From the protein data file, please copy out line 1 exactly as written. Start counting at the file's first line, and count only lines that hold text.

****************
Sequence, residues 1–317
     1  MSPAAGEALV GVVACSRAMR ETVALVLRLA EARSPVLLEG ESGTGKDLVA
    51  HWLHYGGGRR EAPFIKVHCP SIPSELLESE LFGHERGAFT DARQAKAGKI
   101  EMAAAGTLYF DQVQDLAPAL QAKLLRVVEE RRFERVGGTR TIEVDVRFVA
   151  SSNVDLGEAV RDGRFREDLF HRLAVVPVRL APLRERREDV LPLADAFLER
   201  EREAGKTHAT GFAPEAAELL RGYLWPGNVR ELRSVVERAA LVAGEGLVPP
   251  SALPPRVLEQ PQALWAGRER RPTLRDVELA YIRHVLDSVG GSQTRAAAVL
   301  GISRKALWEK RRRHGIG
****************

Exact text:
Sequence, residues 1–317